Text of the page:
# SI485H: Stack Based Binary Exploits (SP17)

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# HW 3: Smashing the Stack

## Instructions

• You must turn in a sheet of paper that is neatly typed or written answering the questions below. (You are strongly encouraged to type your homework.)
• This homework is graded out of 140 points. Point values are associated to each question

## Questions

1. (15 points) Consider the `gdb` output for function `foo()` :

```(gdb) ds foo
Dump of assembler code for function foo:
0x0804846d <+0>: push ebp
0x0804846e <+1>: mov ebp,esp
0x08048470 <+3>: sub esp,0x28
0x08048473 <+6>: lea eax,[ebp-0x18]
0x08048476 <+9>: mov DWORD PTR [esp+0x4],eax
0x0804847a <+13>: mov DWORD PTR [esp],0x8048540
0x08048481 <+20>: call 0x8048360 <scanf@plt>
0x08048486 <+25>: lea eax,[ebp-0x18]
0x08048489 <+28>: mov DWORD PTR [esp+0x4],eax
0x0804848d <+32>: mov DWORD PTR [esp],0x8048540
0x08048494 <+39>: call 0x8048330 <printf@plt>
0x08048499 <+44>: leave
0x0804849a <+45>: ret
End of assembler dump.
(gdb) x/s 0x8048540
0x8048540: "%s"
```
• At what address, in hexadecimal, could there be a potential buffer overflow vulnerability?
• Write the equivalent code for `foo()` in C.
• Consider executing the program like below

```python -c "print 'A'*x"| ./main
```

What is the smallest value of `x` that will crash the program. (HINT: you do not have to overwrite the return address to cause the first crash.)

2. (15 points) Consider the `gdb` output for function `foo()` :

```(gdb) ds foo
Dump of assembler code for function foo:
0x0804844d <+0>: push ebp
0x0804844e <+1>: mov ebp,esp
0x08048450 <+3>: sub esp,0x48
0x08048453 <+6>: mov DWORD PTR [ebp-0xc],0x0
0x0804845a <+13>: mov eax,DWORD PTR [ebp+0x8]
0x0804845d <+16>: mov DWORD PTR [esp+0x4],eax
0x08048461 <+20>: lea eax,[ebp-0x2c]
0x08048464 <+23>: mov DWORD PTR [esp],eax
0x08048467 <+26>: call 0x8048320 <strcpy@plt>
0x0804846c <+31>: jmp 0x804848c <foo+63>
0x0804846e <+33>: lea eax,[ebp-0x2c]
0x08048471 <+36>: mov DWORD PTR [esp+0x8],eax
0x08048475 <+40>: mov eax,DWORD PTR [ebp-0xc]
0x08048478 <+43>: mov DWORD PTR [esp+0x4],eax
0x0804847c <+47>: mov DWORD PTR [esp],0x8048540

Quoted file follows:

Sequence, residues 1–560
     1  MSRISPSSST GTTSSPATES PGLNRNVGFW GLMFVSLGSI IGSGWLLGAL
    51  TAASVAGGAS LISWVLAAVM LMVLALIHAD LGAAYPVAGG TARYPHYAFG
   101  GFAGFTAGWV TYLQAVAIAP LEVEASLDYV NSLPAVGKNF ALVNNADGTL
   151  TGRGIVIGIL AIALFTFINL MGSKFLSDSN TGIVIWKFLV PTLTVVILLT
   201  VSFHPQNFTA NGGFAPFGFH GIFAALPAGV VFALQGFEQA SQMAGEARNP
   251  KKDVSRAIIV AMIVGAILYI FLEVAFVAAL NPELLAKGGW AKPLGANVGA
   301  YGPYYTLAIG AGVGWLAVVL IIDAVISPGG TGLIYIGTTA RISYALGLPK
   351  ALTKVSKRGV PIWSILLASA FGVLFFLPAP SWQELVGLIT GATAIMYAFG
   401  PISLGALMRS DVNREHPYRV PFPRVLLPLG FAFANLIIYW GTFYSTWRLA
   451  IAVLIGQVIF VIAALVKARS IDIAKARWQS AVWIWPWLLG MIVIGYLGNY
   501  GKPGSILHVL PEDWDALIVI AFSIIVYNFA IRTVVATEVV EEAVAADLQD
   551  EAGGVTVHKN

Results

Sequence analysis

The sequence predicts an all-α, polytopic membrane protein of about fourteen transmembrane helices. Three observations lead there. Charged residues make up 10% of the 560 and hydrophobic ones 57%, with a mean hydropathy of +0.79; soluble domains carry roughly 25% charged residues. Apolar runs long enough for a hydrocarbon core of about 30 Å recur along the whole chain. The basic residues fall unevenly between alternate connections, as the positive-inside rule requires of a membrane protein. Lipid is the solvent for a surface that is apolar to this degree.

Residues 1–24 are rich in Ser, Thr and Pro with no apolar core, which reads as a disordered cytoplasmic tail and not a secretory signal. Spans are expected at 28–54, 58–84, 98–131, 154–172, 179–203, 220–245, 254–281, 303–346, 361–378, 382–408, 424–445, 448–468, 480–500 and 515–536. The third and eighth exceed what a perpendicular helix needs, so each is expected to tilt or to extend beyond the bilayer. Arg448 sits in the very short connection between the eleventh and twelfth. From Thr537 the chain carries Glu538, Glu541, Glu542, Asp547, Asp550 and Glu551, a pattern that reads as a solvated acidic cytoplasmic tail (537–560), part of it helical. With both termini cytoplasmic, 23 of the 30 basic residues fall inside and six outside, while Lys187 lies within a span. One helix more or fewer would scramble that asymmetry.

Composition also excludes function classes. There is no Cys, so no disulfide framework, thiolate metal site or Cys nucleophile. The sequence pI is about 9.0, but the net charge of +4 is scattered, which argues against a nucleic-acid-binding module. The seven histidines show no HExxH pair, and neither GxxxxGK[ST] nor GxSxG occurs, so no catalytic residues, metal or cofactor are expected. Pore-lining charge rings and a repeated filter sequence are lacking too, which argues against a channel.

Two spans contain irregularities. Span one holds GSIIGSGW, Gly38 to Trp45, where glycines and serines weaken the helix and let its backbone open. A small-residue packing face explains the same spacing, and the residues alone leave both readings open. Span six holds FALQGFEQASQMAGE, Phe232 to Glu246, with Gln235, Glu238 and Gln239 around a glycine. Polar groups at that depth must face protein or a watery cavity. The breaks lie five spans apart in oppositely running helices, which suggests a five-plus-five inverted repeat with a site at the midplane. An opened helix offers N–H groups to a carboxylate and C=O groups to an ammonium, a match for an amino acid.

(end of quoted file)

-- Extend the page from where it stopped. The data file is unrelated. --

0x08048483 <+54>: call 0x8048310 <printf@plt>
0x08048488 <+59>: add DWORD PTR [ebp-0xc],0x1
0x0804848c <+63>: cmp DWORD PTR [ebp-0xc],0x2
0x08048490 <+67>: jle 0x804846e <foo+33>
0x08048492 <+69>: leave
0x08048493 <+70>: ret
End of assembler dump.
(gdb) x/s 0x8048540
0x8048540: "%s"
(gdb) r "Go Navy"
Starting program: /home/user/git/si485-binary-exploits/hw/04/demo/main "Go Navy"
0: Go Navy
1: Go Navy
2: Go Navy
[Inferior 1 (process 3044) exited with code 013]
```
• Write the equivalent C code for function `foo()`.
• Consider executing this program's `main()` function, which calls `foo()` with the command line argument as the argument to =foo(), like below:

```./main `python -c "print 'A'*x"`
```

At what value of `x` does the functionality of the loop change?

• Provide a complete command line of the form

```./main `python -c "---------------------------"`
```

that will cause the loop to print 4 times. And, explain your answer.

3. (15 points) Consider the `gdb` output for the functions `foo()` and `bar()`

```(gdb) ds foo
Dump of assembler code for function foo:
0x08048461 <+0>: push ebp
0x08048462 <+1>: mov ebp,esp
0x08048464 <+3>: sub esp,0x28
0x08048467 <+6>: mov eax,DWORD PTR [ebp+0x8]
0x0804846a <+9>: mov DWORD PTR [esp+0x4],eax
0x0804846e <+13>: lea eax,[ebp-0xc]
0x08048471 <+16>: mov DWORD PTR [esp],eax
0x08048474 <+19>: call 0x8048310 <strcpy@plt>